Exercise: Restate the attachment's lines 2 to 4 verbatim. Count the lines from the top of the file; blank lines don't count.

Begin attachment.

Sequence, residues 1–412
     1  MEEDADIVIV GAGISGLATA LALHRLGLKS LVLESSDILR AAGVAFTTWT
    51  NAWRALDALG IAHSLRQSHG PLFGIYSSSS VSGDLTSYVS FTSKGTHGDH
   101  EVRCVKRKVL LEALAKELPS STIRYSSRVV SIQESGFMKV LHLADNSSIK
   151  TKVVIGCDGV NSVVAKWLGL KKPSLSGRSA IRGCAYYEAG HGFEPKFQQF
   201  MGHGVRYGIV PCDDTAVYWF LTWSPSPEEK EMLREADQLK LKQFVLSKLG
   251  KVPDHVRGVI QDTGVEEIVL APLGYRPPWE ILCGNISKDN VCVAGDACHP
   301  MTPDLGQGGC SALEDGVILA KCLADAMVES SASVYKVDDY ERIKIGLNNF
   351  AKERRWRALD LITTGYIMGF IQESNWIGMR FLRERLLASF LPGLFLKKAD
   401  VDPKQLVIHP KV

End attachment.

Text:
     1  MEEDADIVIV GAGISGLATA LALHRLGLKS LVLESSDILR AAGVAFTTWT
    51  NAWRALDALG IAHSLRQSHG PLFGIYSSSS VSGDLTSYVS FTSKGTHGDH
   101  EVRCVKRKVL LEALAKELPS STIRYSSRVV SIQESGFMKV LHLADNSSIK